• Receiving a diagnosis of Alzheimer’s Disease (AD) is usually upsetting for the patient, family and friends. With knowledge lacking, devastation, fear, and uncertainty of what to do, become first thoughts. Reality is that a diagnosis of AD is currently a hypothesis to be proven over time. The following offers a guide for realism.
  1. AD has definite markers and is a slow progresses disease (my wife is in her 19th year).
  2. An AD diagnosis should confirm that the patient has amyloid plaques and Tau fibrils and tangles which begin in the transentorhinal and entorhinal cortex along with atrophy of the hippocampus.  Confirmation tests are not nornal as they require Cerebral Spinal Fluid analysis, along with MRI’s, and PET Scans (all expensive and not covered by insurance).  Other than clinical trials or until a cost-effective biological markers (such as blood tests) are approved, subjective cognitive symptoms are used to judge if a person has AD.
  3. Until recently, the Mini Mental State Exam (MMSE) was commonly used by primary care doctors and neurologist. It is a fairly accurate gauge of progressive decline.  Unfortunately, it has been put under copyright whereby it uses has declined.  MMSE score range is 30 to 0.  A score of 30 to 25 would indicate Mild Cognitive Impairment (MCI) and 6 to 0 indicating dementia.  In addition, MRIs are useful in identified damage and atrophy within the brain.
  4. Uncertainty enters the diagnosis when symptoms associated with other mental disorders are present with some memory problems. The diagnosis is often made erroneous as AD.   Symptoms other than memory at the initial disease stage (MCI) indicate a mental disorder other than AD.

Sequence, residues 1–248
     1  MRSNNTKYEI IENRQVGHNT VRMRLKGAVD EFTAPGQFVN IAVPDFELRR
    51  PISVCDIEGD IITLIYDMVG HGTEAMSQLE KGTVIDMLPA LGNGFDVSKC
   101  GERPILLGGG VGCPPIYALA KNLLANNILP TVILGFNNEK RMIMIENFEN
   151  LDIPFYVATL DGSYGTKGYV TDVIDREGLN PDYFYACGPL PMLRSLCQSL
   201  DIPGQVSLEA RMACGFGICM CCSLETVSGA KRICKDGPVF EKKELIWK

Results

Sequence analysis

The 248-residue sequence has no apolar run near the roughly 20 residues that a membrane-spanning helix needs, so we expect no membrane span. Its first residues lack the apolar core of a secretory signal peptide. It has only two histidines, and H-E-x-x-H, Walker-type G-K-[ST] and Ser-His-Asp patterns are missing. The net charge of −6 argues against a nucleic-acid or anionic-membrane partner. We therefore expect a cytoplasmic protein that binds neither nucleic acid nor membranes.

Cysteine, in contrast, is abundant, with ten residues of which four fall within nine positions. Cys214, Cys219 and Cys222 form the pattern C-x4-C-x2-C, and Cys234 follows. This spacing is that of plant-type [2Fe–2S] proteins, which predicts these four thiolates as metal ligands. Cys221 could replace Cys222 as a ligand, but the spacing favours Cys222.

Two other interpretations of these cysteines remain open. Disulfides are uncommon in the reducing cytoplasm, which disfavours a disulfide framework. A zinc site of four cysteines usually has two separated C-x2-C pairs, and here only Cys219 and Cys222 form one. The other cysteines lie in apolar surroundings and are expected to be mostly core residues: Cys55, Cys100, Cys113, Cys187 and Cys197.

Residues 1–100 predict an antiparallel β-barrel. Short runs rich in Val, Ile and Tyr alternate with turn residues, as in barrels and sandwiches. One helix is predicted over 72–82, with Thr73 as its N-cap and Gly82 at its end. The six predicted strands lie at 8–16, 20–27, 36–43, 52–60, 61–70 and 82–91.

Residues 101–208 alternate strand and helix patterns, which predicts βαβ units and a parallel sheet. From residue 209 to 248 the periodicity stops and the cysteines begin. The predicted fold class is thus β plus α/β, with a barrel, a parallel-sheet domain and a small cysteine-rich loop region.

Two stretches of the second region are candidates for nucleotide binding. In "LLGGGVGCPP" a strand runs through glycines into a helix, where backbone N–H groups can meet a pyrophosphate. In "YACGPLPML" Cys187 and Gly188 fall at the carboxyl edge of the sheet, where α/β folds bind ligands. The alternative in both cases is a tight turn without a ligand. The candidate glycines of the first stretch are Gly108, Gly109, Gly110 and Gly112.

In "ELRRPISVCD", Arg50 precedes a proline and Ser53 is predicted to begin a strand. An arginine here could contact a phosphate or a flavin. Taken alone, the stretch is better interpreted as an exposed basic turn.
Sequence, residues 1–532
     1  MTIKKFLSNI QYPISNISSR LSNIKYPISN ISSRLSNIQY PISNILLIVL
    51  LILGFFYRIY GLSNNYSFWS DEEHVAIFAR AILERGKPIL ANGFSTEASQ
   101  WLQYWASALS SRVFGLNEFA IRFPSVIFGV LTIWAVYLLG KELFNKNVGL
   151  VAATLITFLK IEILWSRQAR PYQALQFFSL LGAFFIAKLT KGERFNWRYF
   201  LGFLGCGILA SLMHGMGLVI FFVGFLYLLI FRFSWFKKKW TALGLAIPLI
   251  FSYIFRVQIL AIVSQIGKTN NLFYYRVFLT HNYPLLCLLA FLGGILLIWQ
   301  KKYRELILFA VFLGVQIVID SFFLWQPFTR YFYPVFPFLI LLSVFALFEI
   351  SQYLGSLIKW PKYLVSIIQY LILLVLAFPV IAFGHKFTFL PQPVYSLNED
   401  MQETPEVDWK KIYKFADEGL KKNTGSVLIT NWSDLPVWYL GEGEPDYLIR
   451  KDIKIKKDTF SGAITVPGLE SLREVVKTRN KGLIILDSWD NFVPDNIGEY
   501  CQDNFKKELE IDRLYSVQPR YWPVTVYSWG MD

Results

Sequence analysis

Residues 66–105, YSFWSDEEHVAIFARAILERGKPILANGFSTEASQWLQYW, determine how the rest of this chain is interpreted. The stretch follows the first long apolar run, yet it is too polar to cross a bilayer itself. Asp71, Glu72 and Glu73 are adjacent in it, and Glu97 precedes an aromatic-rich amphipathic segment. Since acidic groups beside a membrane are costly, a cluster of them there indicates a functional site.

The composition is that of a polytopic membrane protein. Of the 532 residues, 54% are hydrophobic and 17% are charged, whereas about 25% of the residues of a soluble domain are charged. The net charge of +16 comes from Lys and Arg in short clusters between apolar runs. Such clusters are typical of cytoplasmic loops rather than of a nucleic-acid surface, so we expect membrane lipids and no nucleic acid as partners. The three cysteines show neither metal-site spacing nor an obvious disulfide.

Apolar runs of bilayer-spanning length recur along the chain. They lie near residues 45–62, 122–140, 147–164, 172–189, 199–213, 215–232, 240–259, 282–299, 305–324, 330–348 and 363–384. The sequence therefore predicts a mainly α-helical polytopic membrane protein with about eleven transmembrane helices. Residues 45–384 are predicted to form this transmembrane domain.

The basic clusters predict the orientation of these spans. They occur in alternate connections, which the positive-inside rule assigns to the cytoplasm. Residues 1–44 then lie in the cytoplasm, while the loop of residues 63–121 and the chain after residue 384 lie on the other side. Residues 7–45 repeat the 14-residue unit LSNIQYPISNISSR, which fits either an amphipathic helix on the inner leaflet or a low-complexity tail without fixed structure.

5. Realism is, if the diagnosis is accurate and correct and at the MMSE score of 30 or 29,  the patient probably has between 7 and 10 years of a fairly normal lifestyle.  Demanding issues for caregivers begin with behavior, agitation, anxiety, wandering and unable to independently sustain Activities of Daily Living (ADL) that provides an alert for Dementia.
  6. I have shared my Caregiver experience along with my self-educated knowledge of evidenced based research in my book, as well as my web site blogs at https://alzheimersabcs.com (The book contains signs and symptoms linked to MMSE scores as the disease progresses).
  7. My wife has now been in memory care for the past 4 years, I have observed symptoms for various mental disorders and believe behavior issues reflect a patient’s upbringing and the value system they developed, whether good or problematic
  8. Some observation pointers are a) Frontotemporal Disease usually begins with problems finding words to complete a sentence;   b) Lewy Body Disease symptoms include  hallucinations and paranoia;  Parkinson Disease symptoms include tremors, gait and balance problems; d0 Vascular include functional issues (maybe  incontinence) without memory problems.

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